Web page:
Purpose: Three human papillomavirus (HPV) vaccines are available against up to nine HPV types. In Sweden, from 2012, Gardasil was offered to 10-12 year old girls through the school-based vaccination program, and as catchup vaccination for women up to 26 years. To obtain a baseline, and follow HPV vaccination effects, during 2008-2018, cervical and oral HPV prevalence were followed at a youth clinic in Stockholm, and in 2013 for comparison oral HPV prevalence was examined in high-school youth in a middle-sized county in Sweden.

Methods: In this review, we discuss all our data with cervical and oral mouthwash samples that were collected and tested for 24-27 HPV types by a bead-based multiplex assay from 2008.

Results: Compared with 2008-2011, with ~ 35% HPV16 and > 60% high risk (HR) HPV cervical prevalence at the youth clinic, a decrease of vaccine HPV types was observed between 2013 and 2018, with e.g., HPV16 falling to 5% in catchup vaccinated women and 15-18% in nonvaccinated women. Most common cervical HR-HPV types were HPV39, 51, 52, 56, and 59 together accounting for ~ 10% of cervical cancer, and where only HPV52 is included in Gardasil-9. At baseline 2009-2011, oral HPV prevalence was ~ 10% in unvaccinated youth at the youth clinic, but after 2013 it dropped to < 2% at the youth clinic and high schools.

Conclusion: To conclude, Gardasil HPV types have decreased, but it is still important to follow remaining HR-HPV types and cancer development, since there is an ongoing increase in the incidence of HPV-associated tonsillar and base of tongue cancer, and cervical cancer in Sweden.
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http://dx.doi.org/10.1007/s00404-020-05879-7DOI Listing
http://www.ncbi.nlm.nih.gov/pmc/articles/PMC7858554PMC
February 2021

Survival of patients with oropharyngeal squamous cell carcinomas (OPSCC) in relation to TNM 8 - Risk of incorrect downstaging of HPV-mediated non-tonsillar, non-base of tongue carcinomas.

Eur J Cancer 2020 11 17;139:192-200. Epub 2020 Sep 17.

Department of Oncology-Pathology, Karolinska Institutet, Stockholm, Sweden; Department of Clinical Pathology, Karolinska University Hospital, Stockholm, Sweden. Electronic address:

Background: TNM-8 staging separates oropharyngeal squamous cell carcinomas (OPSCC) into human papillomavirus (HPV)-mediated and -unrelated OPSCC based on p16INK4a overexpression (p16+), as surrogate marker for HPV. However, OPSCC is histologically and clinically heterogenous including tonsillar and base of tongue squamous cell carcinomas (TSCC and BOTSCC respectively), and carcinomas of soft palate and walls (otherOPSCC). The significance of HPV is established in TSCC/BOTSCC, while its role in otherOPSCC is unclear, which is not considered in TNM-8. Here, p16+ was therefore evaluated in relation to overall survival (OS) and tumor stage per OPSCC subsite.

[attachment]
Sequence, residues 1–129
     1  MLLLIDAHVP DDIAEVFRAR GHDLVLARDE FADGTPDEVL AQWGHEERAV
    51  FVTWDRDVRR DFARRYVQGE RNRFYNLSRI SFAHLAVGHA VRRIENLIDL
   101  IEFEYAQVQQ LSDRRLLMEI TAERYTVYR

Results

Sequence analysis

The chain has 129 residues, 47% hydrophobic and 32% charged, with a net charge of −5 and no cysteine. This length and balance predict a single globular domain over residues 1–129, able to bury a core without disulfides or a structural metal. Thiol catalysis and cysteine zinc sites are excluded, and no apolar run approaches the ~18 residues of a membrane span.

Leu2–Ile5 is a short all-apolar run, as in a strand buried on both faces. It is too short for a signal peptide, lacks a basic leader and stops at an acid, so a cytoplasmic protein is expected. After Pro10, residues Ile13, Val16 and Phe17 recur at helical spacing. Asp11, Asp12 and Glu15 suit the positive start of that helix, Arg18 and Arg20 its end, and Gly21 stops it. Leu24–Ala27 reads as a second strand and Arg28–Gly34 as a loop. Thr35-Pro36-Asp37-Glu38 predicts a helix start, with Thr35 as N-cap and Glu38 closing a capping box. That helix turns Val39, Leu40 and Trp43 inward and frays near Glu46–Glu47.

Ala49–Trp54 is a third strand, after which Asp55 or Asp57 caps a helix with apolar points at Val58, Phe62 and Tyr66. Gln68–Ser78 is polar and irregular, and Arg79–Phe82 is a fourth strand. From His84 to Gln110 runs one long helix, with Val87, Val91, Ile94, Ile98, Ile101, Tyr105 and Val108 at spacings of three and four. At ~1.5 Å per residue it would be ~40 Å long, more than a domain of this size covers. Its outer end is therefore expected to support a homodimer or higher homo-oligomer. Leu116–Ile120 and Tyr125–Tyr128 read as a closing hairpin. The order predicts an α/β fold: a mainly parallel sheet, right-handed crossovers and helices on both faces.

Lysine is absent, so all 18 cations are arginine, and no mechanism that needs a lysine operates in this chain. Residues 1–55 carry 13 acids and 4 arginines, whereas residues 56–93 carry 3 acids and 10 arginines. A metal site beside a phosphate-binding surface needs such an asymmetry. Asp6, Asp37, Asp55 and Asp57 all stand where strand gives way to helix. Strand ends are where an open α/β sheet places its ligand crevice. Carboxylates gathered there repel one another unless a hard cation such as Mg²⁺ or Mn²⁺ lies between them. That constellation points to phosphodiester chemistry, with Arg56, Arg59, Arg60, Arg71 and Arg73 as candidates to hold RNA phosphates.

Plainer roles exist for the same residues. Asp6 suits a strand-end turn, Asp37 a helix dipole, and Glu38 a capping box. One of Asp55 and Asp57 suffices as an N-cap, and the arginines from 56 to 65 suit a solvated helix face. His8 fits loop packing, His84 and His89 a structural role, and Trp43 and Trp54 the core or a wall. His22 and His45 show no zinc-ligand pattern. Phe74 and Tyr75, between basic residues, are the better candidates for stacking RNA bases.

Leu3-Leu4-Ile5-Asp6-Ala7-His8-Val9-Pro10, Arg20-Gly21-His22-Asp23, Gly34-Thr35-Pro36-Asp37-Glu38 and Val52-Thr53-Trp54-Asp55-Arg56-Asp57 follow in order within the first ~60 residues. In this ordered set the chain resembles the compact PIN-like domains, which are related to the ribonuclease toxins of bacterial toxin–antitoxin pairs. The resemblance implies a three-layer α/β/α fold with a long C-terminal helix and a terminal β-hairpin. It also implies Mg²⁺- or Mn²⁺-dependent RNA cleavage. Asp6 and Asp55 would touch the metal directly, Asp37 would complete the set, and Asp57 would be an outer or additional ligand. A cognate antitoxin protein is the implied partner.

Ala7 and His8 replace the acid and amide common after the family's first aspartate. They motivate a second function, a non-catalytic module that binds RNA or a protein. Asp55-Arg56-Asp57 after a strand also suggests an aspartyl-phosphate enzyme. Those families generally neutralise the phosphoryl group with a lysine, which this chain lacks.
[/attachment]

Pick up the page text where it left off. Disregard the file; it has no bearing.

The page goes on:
Patients And Methods: All 932 patients, treated with curative intent in Stockholm 2000-2016 with OPSCC, previously analyzed for p16 expression, were included. Clinical data, including stage and OS, was collected retrospectively.

Results: Patients with p16+ otherOPSCC had significantly poorer OS compared to patients with p16+ TSCC/BOTSCC (p = 0.005) and their survival was similar to that of patients with p16-otherOPSCC/TSCC/BOTSCC. Moreover, patients with TNM-8 stage I-II and p16+ otherOPSCC had a significant poorer OS compared to patients with p16+ TSCC/BOTSCC and similar stage (p = 0.02). Lastly, patients with otherOPSCC and low TNM-7 stage had a significant better OS, as compared to those with a high stage (p = 0.019) while no hazard discrimination was observed with TNM-7 in TSCC/BOTSCC.

Conclusion: Our results indicate a risk of misclassification of patients with otherOPSCC and low TNM-8 stage. We suggest that p16 should only be evaluated in TSCC/BOTSCC and that patients with otherOPSCC should all be staged as patients with HPV-unrelated (p16-) OPSCC.
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http://dx.doi.org/10.1016/j.ejca.2020.08.003DOI Listing
November 2020

The value of p16 and HPV DNA in non-tonsillar, non-base of tongue oropharyngeal cancer.

Acta Otolaryngol 2021 Jan 17;141(1):89-94. Epub 2020 Sep 17.

Department of Clinical Sciences, Intervention and Technology, Karolinska Institutet, Karolinska University Hospital, Stockholm, Sweden.